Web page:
\ud The energy efficiency of FES-cycling in spinal cord injured subjects is very much lower than that of normal cycling, and efficiency is dependent upon the parameters of muscle stimulation. We investigated measures which can be used to evaluate the effect on cycling performance of changes in stimulation parameters, and which might therefore be used to optimise them. We aimed to determine whether oxygen cost and stimulation cost measurements are sensitive enough to allow discrimination between the efficacy of different activation ranges for stimulation of each muscle group during constant-power cycling.
\ud \ud Methods
\ud We employed a custom FES-cycling ergometer system, with accurate control of cadence and stimulated exercise workrate. Two sets of muscle activation angles (“stimulation patterns”), denoted “P1” and “P2”, were applied repeatedly (eight times each) during constant-power cycling, in a repeated measures design with a single paraplegic subject. Pulmonary oxygen uptake was measured in real time and used to determine the oxygen cost of the exercise. A new measure of stimulation cost of the exercise is proposed, which represents the total rate of stimulation charge applied to the stimulated muscle groups during cycling. A number of energy-efficiency measures were also estimated.
\ud \ud Results
\ud Average oxygen cost and stimulation cost of P1 were found to be significantly lower than those for P2 (paired t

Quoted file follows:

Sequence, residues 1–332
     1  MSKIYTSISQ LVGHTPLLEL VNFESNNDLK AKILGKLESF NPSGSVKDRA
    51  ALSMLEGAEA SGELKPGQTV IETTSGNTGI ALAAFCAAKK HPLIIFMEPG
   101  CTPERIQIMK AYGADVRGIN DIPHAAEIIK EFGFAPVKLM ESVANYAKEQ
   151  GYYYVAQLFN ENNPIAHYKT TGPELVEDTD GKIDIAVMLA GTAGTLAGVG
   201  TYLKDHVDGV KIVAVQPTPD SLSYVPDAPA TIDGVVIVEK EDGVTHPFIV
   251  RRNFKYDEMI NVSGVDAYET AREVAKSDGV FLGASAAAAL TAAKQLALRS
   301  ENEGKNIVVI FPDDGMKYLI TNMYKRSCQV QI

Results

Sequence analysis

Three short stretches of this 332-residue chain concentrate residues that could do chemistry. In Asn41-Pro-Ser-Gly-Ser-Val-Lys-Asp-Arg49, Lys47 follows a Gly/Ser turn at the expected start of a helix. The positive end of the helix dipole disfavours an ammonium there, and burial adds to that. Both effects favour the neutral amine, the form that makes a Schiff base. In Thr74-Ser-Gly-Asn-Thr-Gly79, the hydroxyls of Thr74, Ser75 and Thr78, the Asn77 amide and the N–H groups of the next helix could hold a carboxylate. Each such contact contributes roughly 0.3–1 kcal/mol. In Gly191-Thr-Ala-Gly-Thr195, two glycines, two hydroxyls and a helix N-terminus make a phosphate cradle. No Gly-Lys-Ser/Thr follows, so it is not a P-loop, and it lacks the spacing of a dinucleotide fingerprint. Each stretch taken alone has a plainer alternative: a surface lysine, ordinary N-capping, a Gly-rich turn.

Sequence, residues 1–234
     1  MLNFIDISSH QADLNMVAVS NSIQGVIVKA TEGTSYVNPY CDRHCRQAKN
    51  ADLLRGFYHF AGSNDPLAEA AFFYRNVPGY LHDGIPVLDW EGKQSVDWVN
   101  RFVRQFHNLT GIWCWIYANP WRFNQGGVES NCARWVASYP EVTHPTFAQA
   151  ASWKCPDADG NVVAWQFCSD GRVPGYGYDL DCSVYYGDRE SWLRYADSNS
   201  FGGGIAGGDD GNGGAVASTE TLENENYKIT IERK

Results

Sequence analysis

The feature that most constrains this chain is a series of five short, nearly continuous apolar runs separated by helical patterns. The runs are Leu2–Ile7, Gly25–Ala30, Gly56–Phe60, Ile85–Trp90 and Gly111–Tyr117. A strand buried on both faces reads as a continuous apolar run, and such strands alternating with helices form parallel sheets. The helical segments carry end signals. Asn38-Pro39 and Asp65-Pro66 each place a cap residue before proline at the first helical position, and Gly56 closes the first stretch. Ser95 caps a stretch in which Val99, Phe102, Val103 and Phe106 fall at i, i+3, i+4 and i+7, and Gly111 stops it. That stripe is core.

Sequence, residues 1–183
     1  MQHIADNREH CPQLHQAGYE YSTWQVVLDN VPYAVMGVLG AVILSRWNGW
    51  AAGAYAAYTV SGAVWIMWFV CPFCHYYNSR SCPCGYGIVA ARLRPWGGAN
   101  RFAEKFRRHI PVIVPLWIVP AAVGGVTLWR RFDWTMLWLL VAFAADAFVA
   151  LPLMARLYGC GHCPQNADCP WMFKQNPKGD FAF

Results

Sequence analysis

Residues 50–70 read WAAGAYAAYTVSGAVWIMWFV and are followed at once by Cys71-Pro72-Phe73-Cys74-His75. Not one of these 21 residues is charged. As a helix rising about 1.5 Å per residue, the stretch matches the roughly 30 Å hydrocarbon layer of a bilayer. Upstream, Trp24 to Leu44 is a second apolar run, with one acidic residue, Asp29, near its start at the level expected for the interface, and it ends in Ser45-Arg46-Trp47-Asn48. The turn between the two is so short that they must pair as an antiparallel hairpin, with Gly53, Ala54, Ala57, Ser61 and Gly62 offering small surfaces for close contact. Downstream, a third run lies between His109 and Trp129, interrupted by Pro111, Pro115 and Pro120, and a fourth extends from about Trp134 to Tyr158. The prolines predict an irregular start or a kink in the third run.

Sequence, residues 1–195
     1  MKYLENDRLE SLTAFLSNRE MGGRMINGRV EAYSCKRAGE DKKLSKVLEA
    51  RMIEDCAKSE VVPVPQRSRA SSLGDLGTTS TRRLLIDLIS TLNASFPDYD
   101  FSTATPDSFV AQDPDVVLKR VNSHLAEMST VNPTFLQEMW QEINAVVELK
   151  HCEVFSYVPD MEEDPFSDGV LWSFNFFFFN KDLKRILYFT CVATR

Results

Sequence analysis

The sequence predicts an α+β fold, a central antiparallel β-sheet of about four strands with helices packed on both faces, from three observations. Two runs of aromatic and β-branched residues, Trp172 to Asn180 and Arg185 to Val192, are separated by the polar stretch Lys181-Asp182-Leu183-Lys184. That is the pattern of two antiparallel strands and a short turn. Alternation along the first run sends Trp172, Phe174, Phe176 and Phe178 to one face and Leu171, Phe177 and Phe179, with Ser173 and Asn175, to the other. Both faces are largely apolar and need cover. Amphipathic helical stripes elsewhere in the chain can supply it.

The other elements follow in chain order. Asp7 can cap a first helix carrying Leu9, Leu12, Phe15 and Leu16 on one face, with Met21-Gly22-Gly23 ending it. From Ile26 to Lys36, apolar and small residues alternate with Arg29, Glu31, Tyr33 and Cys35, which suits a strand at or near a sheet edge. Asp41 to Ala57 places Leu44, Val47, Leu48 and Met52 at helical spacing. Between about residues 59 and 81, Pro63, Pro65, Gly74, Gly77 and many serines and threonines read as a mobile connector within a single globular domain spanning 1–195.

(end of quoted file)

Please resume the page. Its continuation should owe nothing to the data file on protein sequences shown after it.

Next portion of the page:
< 0.05): oxygen costs were 0.56 ± 0.03 l min−1
and 0.61 ± 0.04 l min−1
(mean ± S.D.), respectively; stimulation costs were 74.91 ± 12.15 mC min−1
and 100.30 ± 14.78 mC min−1
(mean ± S.D.), respectively. Correspondingly, all efficiency estimates for P1 were greater than those for P2.
\ud \ud Conclusion
\ud Oxygen cost and stimulation cost measures both allow discrimination between the efficacy of different muscle activation patterns during constant-power FES-cycling. However, stimulation cost is more easily determined in real time, and responds more rapidly and with greatly improved signal-to-noise properties than the ventilatory oxygen uptake measurements required for estimation of oxygen cost. These measures may find utility in the adjustment of stimulation patterns for achievement of optimal cycling performance.